Hoyt Calls It Quits
July 21, 1972
Over his twenty-one-year career, Hoyt Wilhelm pitched in 1,070 games — a major-league record that stood for nearly three decades. On this date in 1972, he finally called it quits.
Incredibly enough, Wilhelm didn’t pitch his first game in the majors until the age of 28. After his first year in pro ball he went to fight in World War II (where he won a Purple Heart) and spent another six seasons in the minors until the New York Giants called him up in 1952.
The key to Wilhelm’s longevity was his knuckleball. Ironically, he later claimed that prejudice against pitchers using the fluttering pitch kept him in the minors for so long; whatever the case, the pitch — which requires little effort to throw — kept him in the majors well past his forty-fifth birthday.
Hoyt’s first major league games showed some but not all of his skills. In his first at-bat, he clouted his first and only career home run. In his next at-bat, he tripled.
But Wilhelm was most valuable out of the bullpen. Leo Durocher used him in seventy-one games that season — setting a National League record — and Wilhelm responded with fifteen wins. He also led the league in ERA and winning percentage, becoming the only rookie to ever lead the league in both of those categories.
Playing often became the theme of Hoyt’s career. He finished off with over 2,500 innings pitched — an amazing total for a man who started less than five percent of his games.
Hoyt was shipped from New York to St. Louis in 1957, but the Cardinals soon sold him to the Indians, who tried to use him as a starter. After less than a year of ineffective pitching he was waived and signed by Baltimore, where he started three games and lost them all. Struggling to keep his roster spot at the age of thirty-five, Wilhelm took the mound against the Yankees on a wet night during the fall of 1958.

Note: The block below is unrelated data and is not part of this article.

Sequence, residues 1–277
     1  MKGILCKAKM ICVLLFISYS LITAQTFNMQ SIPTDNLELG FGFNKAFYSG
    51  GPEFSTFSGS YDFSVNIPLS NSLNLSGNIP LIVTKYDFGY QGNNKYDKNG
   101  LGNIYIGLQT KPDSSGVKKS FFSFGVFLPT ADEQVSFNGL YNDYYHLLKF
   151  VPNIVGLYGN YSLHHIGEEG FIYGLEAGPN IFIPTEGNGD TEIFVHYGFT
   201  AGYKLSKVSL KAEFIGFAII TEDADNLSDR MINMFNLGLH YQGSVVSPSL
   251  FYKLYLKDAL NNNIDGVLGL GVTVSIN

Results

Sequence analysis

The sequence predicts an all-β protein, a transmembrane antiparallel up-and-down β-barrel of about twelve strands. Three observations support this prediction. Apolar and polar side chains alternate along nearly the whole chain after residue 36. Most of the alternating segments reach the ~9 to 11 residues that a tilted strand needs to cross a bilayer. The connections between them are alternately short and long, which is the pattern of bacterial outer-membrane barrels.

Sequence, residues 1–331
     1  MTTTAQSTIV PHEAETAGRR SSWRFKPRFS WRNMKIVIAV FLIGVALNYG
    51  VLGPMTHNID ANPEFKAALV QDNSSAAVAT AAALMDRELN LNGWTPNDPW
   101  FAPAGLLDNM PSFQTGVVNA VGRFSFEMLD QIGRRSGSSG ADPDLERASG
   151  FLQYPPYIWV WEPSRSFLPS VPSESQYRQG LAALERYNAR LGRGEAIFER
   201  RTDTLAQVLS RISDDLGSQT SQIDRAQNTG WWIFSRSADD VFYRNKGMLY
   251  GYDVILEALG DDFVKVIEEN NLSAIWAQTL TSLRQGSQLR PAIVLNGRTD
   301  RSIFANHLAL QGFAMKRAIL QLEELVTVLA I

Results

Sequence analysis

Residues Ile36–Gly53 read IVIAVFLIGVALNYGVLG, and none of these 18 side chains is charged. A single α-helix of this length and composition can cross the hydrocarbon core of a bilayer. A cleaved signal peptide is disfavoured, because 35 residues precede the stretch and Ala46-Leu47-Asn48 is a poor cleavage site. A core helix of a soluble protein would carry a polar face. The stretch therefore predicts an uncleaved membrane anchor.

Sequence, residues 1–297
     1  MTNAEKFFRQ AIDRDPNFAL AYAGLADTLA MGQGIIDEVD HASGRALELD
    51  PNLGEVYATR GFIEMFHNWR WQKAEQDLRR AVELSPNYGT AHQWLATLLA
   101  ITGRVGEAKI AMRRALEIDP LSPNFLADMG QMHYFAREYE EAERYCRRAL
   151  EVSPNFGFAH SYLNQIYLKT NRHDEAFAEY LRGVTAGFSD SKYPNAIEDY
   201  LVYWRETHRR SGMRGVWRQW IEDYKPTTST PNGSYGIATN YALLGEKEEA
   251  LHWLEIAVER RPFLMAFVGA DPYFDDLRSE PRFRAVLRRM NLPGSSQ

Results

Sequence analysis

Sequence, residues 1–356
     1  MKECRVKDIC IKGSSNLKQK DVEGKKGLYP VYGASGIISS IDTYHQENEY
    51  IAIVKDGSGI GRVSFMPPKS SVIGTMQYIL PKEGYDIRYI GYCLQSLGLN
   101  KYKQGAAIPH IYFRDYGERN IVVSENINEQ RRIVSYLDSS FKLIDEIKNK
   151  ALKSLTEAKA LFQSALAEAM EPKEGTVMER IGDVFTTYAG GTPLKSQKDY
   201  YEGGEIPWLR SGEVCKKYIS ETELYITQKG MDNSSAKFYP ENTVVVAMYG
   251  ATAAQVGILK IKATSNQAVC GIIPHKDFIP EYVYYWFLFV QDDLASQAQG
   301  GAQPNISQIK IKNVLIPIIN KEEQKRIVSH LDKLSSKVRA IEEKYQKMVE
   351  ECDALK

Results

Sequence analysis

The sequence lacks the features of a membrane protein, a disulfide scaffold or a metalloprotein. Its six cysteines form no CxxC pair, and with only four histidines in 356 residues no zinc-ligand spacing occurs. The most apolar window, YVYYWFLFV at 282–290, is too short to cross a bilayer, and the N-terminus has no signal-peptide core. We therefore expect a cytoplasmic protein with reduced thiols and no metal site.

Pitching against Don Larsen in a nationally televised game, Wilhelm revived his sagging career with a magnificent no-hitter against the eventual World Champions. Larsen only allowed one hit in six innings, but Orioles catcher Gus Triandos knocked what turned out to be the game winning home run off of Yanks reliever Bobby Shantz.
Hoyt didn’t win another game for the Orioles in 1958, but 1959 turned out to be a career year for the knuckleballer, who started the year 9-1. He led the American League with a 2.19 ERA, becoming the first pitcher to win ERA titles in both leagues. After four years with the O’s he was traded again, this time to the White Sox in the deal that brought lightning-fast shortstop Luis Aparicio to Baltimore.
In Chicago, Wilhelm showed he had a lot left in his tank. In four out of his six years with the White Sox, Hoyt finished with an ERA below 2.00. But he was pushing forty and many people expected his retirement when the White Sox left him unprotected in the 1968 expansion draft. But Wilhelm kept going. He was selected by the Kansas City Royals in the draft, then traded to the California Angels. Towards the end of the 1969 season he was sent to the Braves, where he won two games in eight appearances.
In 1970 he led the Braves in games pitched and saves before he was again traded, this time to the Cubs. He pitched briefly for the Dodgers in 1972, but his career ended when LA gave him his walking papers. On July 21, 1972 — two days before his forty-ninth birthday — Hoyt Wilhelm was done playing major league baseball. His career spanned 1,070 games, a record broken in 1999 by Jesse Orosco; he had thrown 2,254 innings for nine different teams.